Are improvements in your waste recycling and changing to energy efficient light bulbs enough to make your business truly sustainable?
- Is your business thinking about sustainability?
- Are struggling with the concept?
For many businesses, sustainability is still relatively new and the practical steps that a business needs to follow to develop and grow a sustainability program are still unclear.
In order to develop sustainability a framework is required but in the absence of this most businesses will fail to embed sustainability into business. The biggest mistakes made, in our experience, is to adopt one or the other of the following ineffective approaches:
- The “One and Done” Approach: This is when a business addresses only one area of sustainability commonly the environmental pillar, such as setting up a recycling program, switching to LED lights, or installing solar panels – and then consider themselves done. Their approach to sustainability is to do one or two things and then check this item off of their list.
- The Ad Hoc Approach: This is when a business relies only on their own ideas for sustainability projects. The business is eager to be sustainable, but the lack of a framework means they are only working on projects in a few specific areas that they are aware of and in doing so miss other key sustainability initiatives.
The problem with both of these approaches is that the business lacks a strategic and comprehensive approach. As a result, they can come up with a few initiatives and consider themselves as sustainable.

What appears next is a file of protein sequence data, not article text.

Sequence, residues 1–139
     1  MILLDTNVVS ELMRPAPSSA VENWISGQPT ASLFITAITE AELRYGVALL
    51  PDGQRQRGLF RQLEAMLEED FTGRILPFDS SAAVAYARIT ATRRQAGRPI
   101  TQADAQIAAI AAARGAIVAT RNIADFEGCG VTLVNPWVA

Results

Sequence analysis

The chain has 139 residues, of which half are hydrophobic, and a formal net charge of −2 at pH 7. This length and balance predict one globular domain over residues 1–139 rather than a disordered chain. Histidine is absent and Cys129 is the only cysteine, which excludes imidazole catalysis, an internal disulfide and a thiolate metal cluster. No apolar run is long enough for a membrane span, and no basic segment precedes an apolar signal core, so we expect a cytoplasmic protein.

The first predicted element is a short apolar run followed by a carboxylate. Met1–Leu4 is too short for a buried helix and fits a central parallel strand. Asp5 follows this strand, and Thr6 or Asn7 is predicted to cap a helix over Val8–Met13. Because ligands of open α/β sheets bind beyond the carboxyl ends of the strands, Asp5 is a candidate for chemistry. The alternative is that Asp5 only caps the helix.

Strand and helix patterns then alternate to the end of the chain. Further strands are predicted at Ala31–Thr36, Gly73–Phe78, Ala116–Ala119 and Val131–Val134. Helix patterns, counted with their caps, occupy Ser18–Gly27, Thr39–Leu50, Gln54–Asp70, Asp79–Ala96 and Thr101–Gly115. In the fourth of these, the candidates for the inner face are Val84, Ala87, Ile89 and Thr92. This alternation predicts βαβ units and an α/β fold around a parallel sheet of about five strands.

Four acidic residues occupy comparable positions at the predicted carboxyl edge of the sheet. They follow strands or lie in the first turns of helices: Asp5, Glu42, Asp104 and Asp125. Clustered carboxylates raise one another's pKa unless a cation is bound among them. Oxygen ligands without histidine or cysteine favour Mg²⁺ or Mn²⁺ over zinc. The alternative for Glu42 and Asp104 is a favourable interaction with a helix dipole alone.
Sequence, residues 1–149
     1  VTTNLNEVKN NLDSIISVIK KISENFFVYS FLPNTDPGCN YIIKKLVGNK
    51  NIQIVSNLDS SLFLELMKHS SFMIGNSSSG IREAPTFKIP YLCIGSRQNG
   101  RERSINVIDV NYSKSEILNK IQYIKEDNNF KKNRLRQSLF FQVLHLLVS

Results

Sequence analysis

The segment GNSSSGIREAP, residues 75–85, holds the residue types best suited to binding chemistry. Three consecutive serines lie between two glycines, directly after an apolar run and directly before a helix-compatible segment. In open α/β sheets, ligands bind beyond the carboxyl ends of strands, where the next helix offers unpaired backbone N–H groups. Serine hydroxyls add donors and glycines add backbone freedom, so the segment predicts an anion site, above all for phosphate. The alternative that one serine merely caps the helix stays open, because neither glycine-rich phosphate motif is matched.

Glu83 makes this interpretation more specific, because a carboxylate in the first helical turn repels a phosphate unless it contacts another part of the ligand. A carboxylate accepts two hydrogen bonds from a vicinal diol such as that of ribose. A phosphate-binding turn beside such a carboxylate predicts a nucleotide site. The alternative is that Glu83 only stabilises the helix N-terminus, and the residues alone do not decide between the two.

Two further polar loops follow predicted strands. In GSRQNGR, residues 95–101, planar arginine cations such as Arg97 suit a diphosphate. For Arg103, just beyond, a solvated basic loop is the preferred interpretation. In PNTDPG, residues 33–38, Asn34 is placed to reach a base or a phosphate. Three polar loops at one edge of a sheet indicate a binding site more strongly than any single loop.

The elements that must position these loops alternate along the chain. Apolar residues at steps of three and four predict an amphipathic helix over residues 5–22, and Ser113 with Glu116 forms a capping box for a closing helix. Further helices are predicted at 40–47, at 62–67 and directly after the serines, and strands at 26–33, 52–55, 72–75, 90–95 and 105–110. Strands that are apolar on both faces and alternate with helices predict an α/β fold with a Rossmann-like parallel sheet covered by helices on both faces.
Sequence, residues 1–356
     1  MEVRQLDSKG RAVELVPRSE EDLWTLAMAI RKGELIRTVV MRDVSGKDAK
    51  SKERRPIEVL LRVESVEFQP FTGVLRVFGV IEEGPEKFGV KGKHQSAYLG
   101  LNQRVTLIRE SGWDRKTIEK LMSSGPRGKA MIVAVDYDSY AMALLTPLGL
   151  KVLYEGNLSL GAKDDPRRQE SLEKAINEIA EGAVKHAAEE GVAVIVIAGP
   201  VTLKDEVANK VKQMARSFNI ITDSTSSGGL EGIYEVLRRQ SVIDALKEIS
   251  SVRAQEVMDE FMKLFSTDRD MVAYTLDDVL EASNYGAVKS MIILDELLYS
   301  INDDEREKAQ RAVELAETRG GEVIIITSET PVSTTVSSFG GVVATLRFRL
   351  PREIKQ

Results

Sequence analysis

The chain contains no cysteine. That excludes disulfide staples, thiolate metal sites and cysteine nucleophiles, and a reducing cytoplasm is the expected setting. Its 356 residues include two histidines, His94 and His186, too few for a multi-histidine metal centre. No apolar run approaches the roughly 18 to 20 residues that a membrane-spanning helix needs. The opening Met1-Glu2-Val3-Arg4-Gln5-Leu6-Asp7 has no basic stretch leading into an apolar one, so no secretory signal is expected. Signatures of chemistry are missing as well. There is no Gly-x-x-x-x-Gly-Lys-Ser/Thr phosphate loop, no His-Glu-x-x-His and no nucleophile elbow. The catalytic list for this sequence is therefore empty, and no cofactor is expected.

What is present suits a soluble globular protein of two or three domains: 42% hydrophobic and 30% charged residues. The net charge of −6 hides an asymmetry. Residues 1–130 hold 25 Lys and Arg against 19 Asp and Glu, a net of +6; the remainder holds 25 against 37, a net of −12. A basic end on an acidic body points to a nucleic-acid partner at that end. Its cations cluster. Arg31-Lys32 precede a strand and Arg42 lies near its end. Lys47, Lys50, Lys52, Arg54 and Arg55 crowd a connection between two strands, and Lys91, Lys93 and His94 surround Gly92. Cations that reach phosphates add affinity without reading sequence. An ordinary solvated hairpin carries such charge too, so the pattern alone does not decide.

Recently the annual report from the Competition and Markets Authority (CMA) found that around 40% of green claims made online may be misleading consumers. We have to ask the question is this another sign of greenwashing when a business is marketing themselves as environmentally friendly rather than on actually minimising their environmental impacts.
Over the years I have been employed by various business with an aim of assessing their sustainable credentials through their own internal audits or industry standards, however I have found many of these businesses failing to fully address the true meaning of sustainability and choosing to opt out of addressing those elements that they can.
When it comes to creating businesses that are truly sustainable, we can no longer settle for only addressing convenient problems or marketing gimmicks. If a business wants to become genuinely sustainable, they must give it the time required and make the resources available to achieve it. Sustainability demands long-term, transformative change. If a business cannot deliver on this, they might as well not bother at all.
A sustainability audit is a tool that should be used to compare the current business processes with the best practices for sustainability. We have an audit that is independent that gives not only the business but its stakeholders and consumers the assurance and transparency that you care about your sustainability performance.